Each week one of the Regional Ministers in our team sends out a ‘Thought for the Week’ to the Ministers in our Association. This week was my turn and I have decided to recycle that thought for you too rather than having to create something new for you, dear bloggists. I hope you don’t mind having ‘hand-me-down’ bloggages!
Each weekday those who have national and regional roles within BUGB are invited to pray the same prayer together. Thursday’s prayer is:
O Christ, the Master Carpenter, who at the last through wood and nails purchased our whole salvation, wield well your tools in the workshop of your world so that we who come rough-hewn to your bench may here be fashioned to a truer beauty of your hand. We ask it for your own name’s sake. Amen
I really like this prayer. It is particularly poignant as at the moment building work is taking place at our Manse to convert the garage into a study and I can hear the sound of wood being sawn even as I type. Jesus was apprenticed in the family firm: Joseph Bar Jacob and Sons. Being a Carpenter in Jesus’ day meant you were the local odd job man. The Carpenter was the one called on to mend leaky roofs (especially when four hooligans wreck it in order to lower a paralysed friend through it); they made furniture; they built fences and stables (and mangers); they helped build houses; they were the handymen that others called on when a job was beyond them. And when working with wood the carpenter would start with trees and logs not planks that were neatly sawn, planed and sanded. They worked with raw materials, perhaps even cutting down the trees in the first place.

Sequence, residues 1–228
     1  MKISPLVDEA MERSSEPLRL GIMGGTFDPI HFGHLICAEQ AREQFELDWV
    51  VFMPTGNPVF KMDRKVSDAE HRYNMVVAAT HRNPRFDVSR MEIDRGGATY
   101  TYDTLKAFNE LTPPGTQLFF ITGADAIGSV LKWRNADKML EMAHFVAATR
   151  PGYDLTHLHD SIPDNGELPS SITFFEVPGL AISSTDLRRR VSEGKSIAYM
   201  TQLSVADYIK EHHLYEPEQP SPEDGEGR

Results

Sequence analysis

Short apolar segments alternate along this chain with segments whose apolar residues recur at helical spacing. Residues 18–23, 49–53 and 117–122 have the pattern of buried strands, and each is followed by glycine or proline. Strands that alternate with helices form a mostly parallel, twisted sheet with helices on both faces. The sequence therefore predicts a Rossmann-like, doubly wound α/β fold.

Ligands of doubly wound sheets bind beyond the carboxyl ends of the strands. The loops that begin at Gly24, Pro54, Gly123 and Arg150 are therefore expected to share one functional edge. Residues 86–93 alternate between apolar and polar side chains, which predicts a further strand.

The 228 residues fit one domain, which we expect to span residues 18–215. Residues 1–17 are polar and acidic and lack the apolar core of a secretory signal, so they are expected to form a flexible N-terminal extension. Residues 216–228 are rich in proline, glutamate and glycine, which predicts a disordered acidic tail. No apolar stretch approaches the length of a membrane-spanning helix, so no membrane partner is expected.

Jesus was used to taking gnarled, misshapen, rough pieces of wood and reshaping, honing, trimming and combining them with other pieces to make things that were useful and functional: things that were an important part of everyday life. Maybe that’s where the idea of ‘church’ came from! I have a friend who is a joiner and when he looks at a tree or a log he is looking at what it could become, imagining the possibilities and appreciating the beauty of the wood. That’s how Jesus looks at us: all of us need to be ready to submit to the Master Carpenter’s tools that shape us – reading the Bible, praying, listening for his voice in others, going through difficult times, receiving encouragement, working alongside others, and in all of life allowing his Spirit to hone us as he gives us the gifts we need and the fruit of his work is seen in our lives. As the prayer reminds us (if we needed reminding) all of Jesus’ followers are a work in progress – Ministers included. All come ‘rough-hewn’. And all can be fashioned to a truer beauty.
And of course, as this prayer reminds us, wood is a theme for Jesus’ life: the one who was laid in a (probably) roughly made manger at his birth and worked as a carpenter until he was 30 was nailed to a roughly made cross at his death. Unlike the crosses at the front of many churches this was not a well-joined, planed, sanded and varnished cross. Just two massive branches crudely lashed and nailed together to bear his weight as Jesus bore the weight of the world’s sin. Crude. Brutal. E.ffective. Daily we return to the foot of the roughly made cross in repentance and faith, aware of our need of forgiveness and a fresh start. Daily we wonder at the love the Father has for us that he would ask the Son to die for us. And daily we ask him to continue the work of shaping, honing, planing, and refining us and using us with others to build his Kingdom.
Be blessed, be a blessing